Experimental Study of a PV Blinds Glazed Solar Chimney Assisted with DC Fan for Hot Water Production

2Citations
Citations of this article
6Readers
Mendeley users who have this article in their library.

Abstract

This paper present the results of experimental investigation of the thermal performance of a PV blinds glazed solar chimney wall (PV-GSCHW) assisted with DC fan aimed for ventilation, hot water production and indoor heat accumulation reduction. Performances are compared to a single glass window (SG) installed at the south facade of a small house with a volume of 4.05 m3. The SC dimensions were as follows: 1.0 m x 0.50 m x 0.006 m. and. The PV-GSCHW consisted of double glass panes; 0.60 m height and 0.50 m width. The external and internal panes were clear glass 0.006 m thick. Five PV blinds (0.48m wide x 0.17m) connected in series were integrated in the 0.08 m gap between the two glass panes giving a maximum electrical power output of 52.5W. There is an outside opening to exhaust hot air to the ambient. The generated electrical current was connected to a direct current axial fan (12Vx0.18A) to increase indoor ventilation. The painted black pipes; 50 cm long and 0.01 m diameter, holding approximately 10 litters of water were installed behind the PV slats in order to heat the water. The experimentation was conducted under the hot climate of Bangkok, Thailand. The PV-GSCHW was integrated in the south façade of a small house of the same volume as the SC window. The experimental results revealed that indoor temperature of the PV blinds-GSCHW room was lower than the SG room. The PV-GSCHW can generate sufficient electrical current and achieve high ventilation rate, produce hot water and reduce heat from sunlight significantly. Due to these advantages, the PV blinds-GSCHW is recommended to be integrated in buildings and houses to promote sustainable buildings and save energy.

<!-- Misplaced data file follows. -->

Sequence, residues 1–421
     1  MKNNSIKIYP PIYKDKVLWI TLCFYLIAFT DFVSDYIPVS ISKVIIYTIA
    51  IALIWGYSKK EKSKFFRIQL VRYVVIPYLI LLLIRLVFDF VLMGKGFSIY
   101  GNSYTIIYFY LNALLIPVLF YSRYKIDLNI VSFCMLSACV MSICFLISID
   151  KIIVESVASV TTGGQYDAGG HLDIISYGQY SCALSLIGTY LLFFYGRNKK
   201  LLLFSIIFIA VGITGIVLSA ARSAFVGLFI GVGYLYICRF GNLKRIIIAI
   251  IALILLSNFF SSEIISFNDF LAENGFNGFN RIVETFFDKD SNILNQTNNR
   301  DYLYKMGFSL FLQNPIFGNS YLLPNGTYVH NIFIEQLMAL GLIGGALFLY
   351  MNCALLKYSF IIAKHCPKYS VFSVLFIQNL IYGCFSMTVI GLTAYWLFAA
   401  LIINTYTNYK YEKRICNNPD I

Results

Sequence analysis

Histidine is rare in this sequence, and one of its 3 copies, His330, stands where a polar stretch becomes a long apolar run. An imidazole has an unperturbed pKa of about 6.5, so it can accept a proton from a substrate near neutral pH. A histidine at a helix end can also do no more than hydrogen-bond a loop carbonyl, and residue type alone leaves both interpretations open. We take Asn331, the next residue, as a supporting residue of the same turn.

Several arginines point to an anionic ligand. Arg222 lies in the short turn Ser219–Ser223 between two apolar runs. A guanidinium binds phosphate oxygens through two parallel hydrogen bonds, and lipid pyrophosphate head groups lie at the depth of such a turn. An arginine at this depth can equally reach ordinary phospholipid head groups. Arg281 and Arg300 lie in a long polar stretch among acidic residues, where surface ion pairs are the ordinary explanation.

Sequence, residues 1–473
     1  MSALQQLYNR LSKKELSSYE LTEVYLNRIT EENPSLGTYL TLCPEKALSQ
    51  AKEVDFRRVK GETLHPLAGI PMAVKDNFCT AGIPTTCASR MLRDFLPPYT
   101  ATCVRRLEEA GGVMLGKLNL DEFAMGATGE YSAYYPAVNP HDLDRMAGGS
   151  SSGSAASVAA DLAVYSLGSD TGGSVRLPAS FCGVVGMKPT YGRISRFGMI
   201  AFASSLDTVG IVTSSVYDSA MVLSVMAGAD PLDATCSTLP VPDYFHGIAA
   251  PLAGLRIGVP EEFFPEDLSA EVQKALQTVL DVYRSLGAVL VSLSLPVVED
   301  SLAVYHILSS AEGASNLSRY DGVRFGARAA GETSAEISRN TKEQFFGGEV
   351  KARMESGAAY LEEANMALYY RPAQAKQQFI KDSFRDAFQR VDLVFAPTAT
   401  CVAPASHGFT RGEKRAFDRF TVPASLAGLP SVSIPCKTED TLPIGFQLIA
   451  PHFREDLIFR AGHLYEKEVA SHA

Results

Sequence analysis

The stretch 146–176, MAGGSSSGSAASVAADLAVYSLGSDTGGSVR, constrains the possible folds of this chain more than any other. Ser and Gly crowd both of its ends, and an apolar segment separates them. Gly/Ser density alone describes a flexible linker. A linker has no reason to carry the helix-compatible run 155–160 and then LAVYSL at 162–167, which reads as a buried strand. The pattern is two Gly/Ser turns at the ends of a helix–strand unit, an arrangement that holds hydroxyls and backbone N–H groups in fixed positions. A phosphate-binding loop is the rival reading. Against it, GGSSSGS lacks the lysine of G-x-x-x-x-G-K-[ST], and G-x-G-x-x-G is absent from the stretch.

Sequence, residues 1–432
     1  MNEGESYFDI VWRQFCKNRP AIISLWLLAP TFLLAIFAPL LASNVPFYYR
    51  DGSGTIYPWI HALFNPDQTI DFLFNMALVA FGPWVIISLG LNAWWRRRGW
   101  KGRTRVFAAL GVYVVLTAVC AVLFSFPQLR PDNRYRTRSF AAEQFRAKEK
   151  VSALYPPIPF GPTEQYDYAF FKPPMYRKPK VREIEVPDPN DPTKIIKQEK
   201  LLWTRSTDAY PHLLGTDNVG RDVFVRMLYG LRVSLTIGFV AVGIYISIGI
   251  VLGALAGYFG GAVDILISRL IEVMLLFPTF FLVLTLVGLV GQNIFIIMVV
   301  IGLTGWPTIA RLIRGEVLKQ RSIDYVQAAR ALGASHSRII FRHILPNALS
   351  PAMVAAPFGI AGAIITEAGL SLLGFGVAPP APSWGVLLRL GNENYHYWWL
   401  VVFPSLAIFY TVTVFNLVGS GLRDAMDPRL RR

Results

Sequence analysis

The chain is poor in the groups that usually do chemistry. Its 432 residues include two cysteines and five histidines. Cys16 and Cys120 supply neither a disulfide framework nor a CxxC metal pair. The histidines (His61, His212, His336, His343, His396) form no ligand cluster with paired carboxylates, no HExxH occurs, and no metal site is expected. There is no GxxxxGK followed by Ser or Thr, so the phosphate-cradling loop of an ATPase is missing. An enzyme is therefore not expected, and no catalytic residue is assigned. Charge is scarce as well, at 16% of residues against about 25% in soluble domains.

Cite

CITATION STYLE

APA

Chantawong, P. (2017). Experimental Study of a PV Blinds Glazed Solar Chimney Assisted with DC Fan for Hot Water Production. In Energy Procedia (Vol. 138, pp. 20–25). Elsevier Ltd. https://doi.org/10.1016/j.egypro.2017.10.039

Register to see more suggestions

Mendeley helps you to discover research relevant for your work.

Already have an account?

Save time finding and organizing research with Mendeley

Sign up for free